Creating a will is on everyone’s to-do list – and likely gets put off more than anything else. We know we should create one, but talking about death is never comfortable. If you die without a will, your assets are disposed of according to provincial interstate laws.This essentially means a huge headache for your family, loss of assets and added court and tax costs. Your family will be going through enough already. Take a burden off them by taking the time to create a will.
This is what you should know about creating a will:
- Start young, or as soon as you begin to accumulate net worth.
- Use a lawyer to create a will that grows with you – an off-the-shelf variety can’t do that.
- A will must include the appointment of an executor to implement your will; choose someone who is capable of carrying out the duties required and be sure to ask their permission before using their name. Chose an alternate as well in case the first is not able to act on your behalf. Avoid obvious conflicts of interest, and if you want your executor to be paid for their time, clearly state that in your will.
- Your will also includes the appointment of legal guardianship of your children. This is a huge decision so take the time to talk it over with those involved.
- The other major part of your will is a listing of assets and disbursements – you can specify who you would like to receive money and valuables such as jewellery or a special collection.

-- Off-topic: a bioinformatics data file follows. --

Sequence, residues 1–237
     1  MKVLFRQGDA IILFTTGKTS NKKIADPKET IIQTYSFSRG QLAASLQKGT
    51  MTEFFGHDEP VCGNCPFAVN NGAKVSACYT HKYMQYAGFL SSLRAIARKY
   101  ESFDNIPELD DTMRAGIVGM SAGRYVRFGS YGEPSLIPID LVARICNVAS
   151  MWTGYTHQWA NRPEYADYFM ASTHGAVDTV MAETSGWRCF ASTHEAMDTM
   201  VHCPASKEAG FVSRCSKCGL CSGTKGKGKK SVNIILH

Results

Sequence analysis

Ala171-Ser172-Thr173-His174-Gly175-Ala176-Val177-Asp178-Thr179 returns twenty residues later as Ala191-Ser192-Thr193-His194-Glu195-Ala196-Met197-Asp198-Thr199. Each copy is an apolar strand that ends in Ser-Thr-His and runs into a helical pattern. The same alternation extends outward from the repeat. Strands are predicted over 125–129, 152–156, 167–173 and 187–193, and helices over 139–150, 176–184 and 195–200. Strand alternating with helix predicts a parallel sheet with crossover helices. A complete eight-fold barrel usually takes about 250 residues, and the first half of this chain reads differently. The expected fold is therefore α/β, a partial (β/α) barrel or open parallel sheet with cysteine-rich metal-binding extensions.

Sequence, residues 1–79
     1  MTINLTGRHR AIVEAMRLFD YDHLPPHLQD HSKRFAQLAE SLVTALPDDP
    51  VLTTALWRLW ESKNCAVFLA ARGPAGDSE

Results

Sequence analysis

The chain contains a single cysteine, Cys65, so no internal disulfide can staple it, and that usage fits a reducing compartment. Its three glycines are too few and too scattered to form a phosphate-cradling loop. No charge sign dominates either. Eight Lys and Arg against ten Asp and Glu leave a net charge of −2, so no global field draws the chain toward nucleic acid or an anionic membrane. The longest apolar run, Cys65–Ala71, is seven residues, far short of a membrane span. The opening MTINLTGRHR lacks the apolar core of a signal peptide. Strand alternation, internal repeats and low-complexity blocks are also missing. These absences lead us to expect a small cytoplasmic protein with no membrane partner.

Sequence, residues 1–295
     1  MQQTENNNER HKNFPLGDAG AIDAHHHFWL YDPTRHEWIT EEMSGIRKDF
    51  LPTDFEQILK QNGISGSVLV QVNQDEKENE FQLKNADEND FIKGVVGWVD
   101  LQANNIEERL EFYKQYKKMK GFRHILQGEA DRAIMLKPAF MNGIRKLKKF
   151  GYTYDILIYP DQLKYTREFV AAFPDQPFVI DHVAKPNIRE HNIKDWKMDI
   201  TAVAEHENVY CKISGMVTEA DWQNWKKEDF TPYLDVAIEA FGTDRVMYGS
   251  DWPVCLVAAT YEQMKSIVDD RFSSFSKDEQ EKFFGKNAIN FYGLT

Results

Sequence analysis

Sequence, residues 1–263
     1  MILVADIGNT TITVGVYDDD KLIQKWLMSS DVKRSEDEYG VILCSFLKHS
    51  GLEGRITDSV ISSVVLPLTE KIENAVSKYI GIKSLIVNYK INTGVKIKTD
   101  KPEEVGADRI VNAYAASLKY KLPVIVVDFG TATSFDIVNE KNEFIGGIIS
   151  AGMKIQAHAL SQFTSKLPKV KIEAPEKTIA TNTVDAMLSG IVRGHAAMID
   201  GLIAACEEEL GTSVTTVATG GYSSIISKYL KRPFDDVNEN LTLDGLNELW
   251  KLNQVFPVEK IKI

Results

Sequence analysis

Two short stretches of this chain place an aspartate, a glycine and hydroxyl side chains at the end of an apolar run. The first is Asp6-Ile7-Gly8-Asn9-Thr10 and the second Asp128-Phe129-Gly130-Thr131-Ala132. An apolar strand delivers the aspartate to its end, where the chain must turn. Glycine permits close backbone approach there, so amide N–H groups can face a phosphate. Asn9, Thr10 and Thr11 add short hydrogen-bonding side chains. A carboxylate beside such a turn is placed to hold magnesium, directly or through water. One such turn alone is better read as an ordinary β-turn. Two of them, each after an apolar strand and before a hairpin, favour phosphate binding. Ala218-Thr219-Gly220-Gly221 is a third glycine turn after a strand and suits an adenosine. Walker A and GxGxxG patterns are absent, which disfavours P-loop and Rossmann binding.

- Most wills also include a power of attorney – someone to make financial and health decisions on your behalf if you are unable to while you are alive.
- You should review your will every three to five years or as laws or your personal circumstances change.
Your will and disbursements are always subject to provincial law. Major changes in your life, such as marriage and divorce, can impact the validity of your will, which is why it is so important to keep it up to date.
While your financial planner or Libro Coach won’t be involved in the legal aspects of your will, they can advise you on the financial aspects. Having a will and planning your estate are important parts of a well thought out financial future. Stop procrastinating and check ‘create will’ off your to-do list this winter!